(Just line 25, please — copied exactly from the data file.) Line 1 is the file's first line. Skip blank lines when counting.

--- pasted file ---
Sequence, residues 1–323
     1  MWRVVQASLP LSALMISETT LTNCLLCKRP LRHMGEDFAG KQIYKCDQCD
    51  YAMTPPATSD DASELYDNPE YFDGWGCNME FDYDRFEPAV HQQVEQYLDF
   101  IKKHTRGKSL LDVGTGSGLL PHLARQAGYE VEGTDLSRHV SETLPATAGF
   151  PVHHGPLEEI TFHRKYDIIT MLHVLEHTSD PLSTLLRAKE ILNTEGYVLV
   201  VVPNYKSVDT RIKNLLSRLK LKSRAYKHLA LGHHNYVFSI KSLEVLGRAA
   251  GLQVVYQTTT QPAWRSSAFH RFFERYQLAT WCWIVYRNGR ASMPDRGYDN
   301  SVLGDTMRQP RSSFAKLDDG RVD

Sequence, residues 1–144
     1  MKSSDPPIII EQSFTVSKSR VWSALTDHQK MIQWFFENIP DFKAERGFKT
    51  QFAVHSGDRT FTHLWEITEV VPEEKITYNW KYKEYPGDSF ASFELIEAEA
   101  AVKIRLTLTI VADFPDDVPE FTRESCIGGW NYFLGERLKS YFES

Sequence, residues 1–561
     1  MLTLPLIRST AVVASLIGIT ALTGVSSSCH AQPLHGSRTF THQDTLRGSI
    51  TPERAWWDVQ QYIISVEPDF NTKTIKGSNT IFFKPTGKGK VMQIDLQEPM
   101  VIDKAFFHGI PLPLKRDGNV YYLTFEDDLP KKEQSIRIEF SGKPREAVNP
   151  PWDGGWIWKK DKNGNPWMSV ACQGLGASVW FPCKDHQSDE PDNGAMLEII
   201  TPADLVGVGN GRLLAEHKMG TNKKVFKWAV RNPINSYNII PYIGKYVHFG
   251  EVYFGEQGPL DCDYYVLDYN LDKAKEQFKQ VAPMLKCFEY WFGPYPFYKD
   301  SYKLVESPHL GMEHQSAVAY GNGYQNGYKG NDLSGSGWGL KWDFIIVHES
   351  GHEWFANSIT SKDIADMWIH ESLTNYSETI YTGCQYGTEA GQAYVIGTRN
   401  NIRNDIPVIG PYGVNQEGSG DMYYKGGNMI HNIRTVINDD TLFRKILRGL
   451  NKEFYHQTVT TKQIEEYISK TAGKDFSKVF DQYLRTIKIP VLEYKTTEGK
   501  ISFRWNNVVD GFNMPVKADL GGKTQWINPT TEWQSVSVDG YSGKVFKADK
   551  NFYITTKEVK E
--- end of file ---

   551  NFYITTKEVK E